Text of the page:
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  • They followed the trail back to the horses, mounted and started down the trail.

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  • At the bottom of the trail they dismounted and walked their horses for a while.

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  • Of course, the horses didn't need the rest as much as Gerald needed the relief from riding.

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  • Carmen stabled the horses and fed them.

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  • Well, if it makes you feel better, but I like taking care of the horses.

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  • Maybe it was their love of horses.

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  • But then, Alex loved horses too – until she killed his.

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  • It would have been a first anyway, because the buggy had been altered so two horses could pull it.

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  • The horses are hitched to the buggy and waiting outside.

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  • Felipa started the team of horses forward and Carmen watched Alex all the way up the stairs and through the door.

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  • This is for help with the horses?

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  • If Sam was going to take care of the horses, it was important that she know which ones to be cautious with.

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  • Sam is qualified to take care of the horses, but she isn't able to take care of you.

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  • It will give you a chance to work with the horses and get to know them as well as the land.

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  • Sam had the day off, so Carmen fed the horses and watered them.

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  • Princess was getting along in her new pasture and the other horses were all doing well.

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  • Unless she missed her guess, wild horses couldn't drag it out of him until he was released from that vow.

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  • Hold your horses before you wind up with a run away team.

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  • Recent investigations in the government of Moscow have revealed that 40% of the peasant households possessed no horses, and similar inquiries in 41 governments elicited the fact that 28% of the peasant households were without horses, although of the total number of horses in the country 82% belong to the peasantry.

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  • Cars replaced horses; did the stable boys remain out of work?

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  • The sheds where the corn was stored, the stable where the horses were kept, and the yard where the cows were milked morning and evening were unfailing sources of interest to Martha and me.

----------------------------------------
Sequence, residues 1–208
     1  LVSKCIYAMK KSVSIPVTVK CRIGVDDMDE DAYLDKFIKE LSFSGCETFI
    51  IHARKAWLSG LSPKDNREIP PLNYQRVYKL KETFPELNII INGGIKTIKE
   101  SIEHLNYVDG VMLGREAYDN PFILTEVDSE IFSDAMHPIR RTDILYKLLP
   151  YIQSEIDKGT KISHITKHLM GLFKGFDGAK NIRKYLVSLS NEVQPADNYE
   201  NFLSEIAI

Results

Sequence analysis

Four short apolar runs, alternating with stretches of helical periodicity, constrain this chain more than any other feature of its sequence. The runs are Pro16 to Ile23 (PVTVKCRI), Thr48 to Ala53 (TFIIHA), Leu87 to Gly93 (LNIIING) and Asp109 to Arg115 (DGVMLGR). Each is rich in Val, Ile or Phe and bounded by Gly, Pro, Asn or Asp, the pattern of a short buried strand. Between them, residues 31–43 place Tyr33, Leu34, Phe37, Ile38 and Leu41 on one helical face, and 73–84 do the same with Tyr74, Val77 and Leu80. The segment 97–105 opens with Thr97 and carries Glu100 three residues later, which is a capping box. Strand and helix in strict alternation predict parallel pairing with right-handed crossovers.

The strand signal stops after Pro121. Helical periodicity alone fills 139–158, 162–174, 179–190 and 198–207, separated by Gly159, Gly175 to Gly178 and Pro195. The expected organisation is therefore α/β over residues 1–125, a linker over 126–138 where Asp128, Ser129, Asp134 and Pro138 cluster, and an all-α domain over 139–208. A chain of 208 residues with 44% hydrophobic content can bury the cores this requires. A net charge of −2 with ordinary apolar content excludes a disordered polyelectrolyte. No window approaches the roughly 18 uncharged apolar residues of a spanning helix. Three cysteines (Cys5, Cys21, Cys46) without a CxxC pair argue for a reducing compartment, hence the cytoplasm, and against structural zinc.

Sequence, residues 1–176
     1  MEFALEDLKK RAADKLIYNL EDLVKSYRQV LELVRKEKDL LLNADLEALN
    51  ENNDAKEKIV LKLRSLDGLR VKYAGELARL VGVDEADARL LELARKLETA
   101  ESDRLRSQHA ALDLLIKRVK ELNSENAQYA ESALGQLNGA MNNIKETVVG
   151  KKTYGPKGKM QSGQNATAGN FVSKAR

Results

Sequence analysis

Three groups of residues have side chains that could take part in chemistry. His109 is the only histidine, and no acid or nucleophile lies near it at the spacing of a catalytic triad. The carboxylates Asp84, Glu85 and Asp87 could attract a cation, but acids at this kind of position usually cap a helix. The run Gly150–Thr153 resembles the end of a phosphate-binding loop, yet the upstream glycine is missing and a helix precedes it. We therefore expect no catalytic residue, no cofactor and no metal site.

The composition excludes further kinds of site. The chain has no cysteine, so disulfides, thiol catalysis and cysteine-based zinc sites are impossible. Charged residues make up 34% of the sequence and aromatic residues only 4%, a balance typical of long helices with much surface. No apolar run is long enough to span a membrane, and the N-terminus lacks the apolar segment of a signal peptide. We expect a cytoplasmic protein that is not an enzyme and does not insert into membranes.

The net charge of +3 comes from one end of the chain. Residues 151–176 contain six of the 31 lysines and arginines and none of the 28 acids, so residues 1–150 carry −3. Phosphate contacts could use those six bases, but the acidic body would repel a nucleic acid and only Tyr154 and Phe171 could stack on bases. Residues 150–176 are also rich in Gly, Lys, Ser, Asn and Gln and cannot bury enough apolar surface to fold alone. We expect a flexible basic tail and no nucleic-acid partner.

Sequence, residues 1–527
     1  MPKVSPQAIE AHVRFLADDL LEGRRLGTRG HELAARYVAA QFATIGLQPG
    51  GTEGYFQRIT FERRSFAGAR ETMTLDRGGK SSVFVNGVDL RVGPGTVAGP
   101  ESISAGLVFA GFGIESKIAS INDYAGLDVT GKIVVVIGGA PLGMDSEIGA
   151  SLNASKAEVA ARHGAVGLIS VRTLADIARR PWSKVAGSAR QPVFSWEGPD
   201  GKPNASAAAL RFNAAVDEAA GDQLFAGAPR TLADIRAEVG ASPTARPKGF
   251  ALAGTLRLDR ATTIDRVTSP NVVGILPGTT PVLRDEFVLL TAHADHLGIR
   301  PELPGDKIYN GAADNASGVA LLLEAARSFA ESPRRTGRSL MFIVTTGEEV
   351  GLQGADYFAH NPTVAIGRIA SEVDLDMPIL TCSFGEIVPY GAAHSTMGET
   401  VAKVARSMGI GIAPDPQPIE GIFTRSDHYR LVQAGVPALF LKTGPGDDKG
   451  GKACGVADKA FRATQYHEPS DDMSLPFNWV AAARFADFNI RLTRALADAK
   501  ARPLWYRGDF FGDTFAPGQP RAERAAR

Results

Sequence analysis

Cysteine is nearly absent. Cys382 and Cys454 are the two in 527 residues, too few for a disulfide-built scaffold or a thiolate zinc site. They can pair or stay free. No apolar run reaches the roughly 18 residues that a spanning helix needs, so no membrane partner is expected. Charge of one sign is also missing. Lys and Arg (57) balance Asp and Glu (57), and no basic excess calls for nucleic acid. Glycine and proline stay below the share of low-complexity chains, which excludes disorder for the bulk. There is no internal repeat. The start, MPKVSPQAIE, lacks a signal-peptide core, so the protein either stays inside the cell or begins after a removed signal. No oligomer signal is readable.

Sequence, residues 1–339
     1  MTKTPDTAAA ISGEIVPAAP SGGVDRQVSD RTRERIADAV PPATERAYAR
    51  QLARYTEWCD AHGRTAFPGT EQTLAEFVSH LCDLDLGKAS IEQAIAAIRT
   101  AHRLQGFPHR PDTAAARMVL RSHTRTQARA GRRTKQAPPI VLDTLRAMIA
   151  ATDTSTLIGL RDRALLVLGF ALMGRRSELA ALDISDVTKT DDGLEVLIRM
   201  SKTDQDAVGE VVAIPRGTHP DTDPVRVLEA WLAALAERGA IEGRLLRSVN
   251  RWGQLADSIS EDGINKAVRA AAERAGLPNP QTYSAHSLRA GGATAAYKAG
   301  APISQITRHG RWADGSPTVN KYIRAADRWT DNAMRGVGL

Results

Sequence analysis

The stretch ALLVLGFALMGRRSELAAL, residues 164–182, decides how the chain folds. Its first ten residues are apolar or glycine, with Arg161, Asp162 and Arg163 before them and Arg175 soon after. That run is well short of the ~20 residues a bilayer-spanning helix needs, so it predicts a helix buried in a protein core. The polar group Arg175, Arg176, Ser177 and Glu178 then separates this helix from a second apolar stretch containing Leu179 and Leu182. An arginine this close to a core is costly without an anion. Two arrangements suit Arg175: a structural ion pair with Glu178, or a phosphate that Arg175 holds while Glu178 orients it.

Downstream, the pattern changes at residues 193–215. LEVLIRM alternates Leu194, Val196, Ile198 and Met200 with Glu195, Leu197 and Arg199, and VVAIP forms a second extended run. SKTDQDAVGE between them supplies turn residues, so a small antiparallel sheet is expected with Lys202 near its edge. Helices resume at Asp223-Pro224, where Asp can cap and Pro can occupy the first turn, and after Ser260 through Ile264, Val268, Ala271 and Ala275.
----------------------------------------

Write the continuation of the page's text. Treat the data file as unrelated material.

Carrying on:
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  • The horses began to lather and the men to flush.

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  • All around lay the flesh of different animals--from men to horses--in various stages of decomposition; and as the wolves were kept off by the passing men the dog could eat all it wanted.

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  • Another section amid the regimental wagons and horses which were standing in a group was busy getting out caldrons and rye biscuit, and feeding the horses.

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  • She scooped up some oats and fed each of the horses.

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  • Yes, we have many horses.

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  • Let's go look at the horses.

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  • Alex obliged and then the four of them continued to a lot where some horses grazed.

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  • They admired the new foal and a few other horses.

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  • Unshod horses heading south.

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  • I didn't know you were so fond of horses.

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  • He slapped the horses with the reins and they started out in the direction of the ranch.

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  • Two horses were tied up and there was a wagon and mule at the end of the street.

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  • Its trade also in books, hops, horses, and cloth is considerable, and a large banking and exchange business is done here.

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  • The sanjak is very fertile, and contains good breeding-grounds, upon which horses,, camels and cattle are reared.

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  • Davila was murdered, while on his way to take possession of the government of Cremona for Venice in July 1631, by a ruffian, with whom some dispute seems to have arisen concerning the furnishing of the relays of horses ordered for his use by the Venetian government.